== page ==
Similar to the standard investment strategy offered by traditional financial advisors, automated wealth managers can also offer customised portfolios, and yet at a significantly lower cost and greater fee transparency. This has thus made automated wealth managers more appealing to cost-sensitive investors.

Cons

Though technology is helpful in many ways, there are still many limitations for automated wealth managers in carrying out specific actions. The most notable one is the complete lack of human element that is essential for relationship building in the financial advisor’s business. This is still relevant as some investors nowadays still prefer to discuss their fears and hopes with a real person.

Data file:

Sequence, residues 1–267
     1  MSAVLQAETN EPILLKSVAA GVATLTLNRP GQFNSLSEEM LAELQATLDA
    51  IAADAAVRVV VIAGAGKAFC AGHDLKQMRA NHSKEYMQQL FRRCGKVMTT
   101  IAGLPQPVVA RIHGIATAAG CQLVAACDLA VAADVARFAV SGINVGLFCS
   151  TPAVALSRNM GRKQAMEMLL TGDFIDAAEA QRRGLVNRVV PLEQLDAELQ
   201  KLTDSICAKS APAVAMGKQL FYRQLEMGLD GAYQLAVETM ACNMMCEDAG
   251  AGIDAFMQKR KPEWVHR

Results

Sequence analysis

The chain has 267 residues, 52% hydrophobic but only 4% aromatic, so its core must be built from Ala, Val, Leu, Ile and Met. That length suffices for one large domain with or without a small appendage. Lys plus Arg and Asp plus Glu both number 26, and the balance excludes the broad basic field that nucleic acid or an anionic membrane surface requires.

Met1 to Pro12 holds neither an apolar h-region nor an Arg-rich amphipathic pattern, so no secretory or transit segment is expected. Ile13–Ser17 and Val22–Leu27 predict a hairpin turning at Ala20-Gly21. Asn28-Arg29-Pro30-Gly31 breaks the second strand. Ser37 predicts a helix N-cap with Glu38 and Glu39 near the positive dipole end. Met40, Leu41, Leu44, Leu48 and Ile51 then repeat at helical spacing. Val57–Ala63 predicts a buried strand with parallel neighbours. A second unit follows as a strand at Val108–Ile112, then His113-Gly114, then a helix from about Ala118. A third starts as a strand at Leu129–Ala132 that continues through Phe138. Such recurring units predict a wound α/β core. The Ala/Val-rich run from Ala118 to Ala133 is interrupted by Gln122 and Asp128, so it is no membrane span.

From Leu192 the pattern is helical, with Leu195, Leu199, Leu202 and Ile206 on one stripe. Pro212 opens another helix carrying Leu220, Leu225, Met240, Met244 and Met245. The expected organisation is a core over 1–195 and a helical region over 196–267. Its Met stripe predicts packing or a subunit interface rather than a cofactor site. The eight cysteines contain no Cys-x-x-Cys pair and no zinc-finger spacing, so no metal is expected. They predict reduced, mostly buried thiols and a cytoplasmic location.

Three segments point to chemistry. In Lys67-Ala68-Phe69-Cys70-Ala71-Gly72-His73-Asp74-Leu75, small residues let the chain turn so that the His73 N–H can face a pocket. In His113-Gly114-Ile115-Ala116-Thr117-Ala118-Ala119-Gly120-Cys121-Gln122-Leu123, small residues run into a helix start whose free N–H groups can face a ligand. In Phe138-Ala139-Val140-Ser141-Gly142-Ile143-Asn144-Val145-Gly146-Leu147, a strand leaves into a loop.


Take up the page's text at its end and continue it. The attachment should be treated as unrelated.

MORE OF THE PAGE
Moreover, the inability to deviate from the algorithms also limit the services that automated wealth managers provide as investment choices can only customisable up to a certain point. Unlike traditional advisors, automated wealth managers will not be able to offer specific information and investment tactic in regards to customers’ requested investments preference and fulfil their short, medium and long term goals. There will also be a convergence of investment strategies among robo advisors due to similar investors data sample. It will also difficult to buy individual stocks with the help of automated wealth managers.

Lastly, although automated wealth managers charge lower fees than traditional investment advisors, investors may still have to pay relatively higher currency conversions fees, subscription fees and taxes. As such, automated wealth managers alone may not the perfect solution to the customers’ demands for wealth management.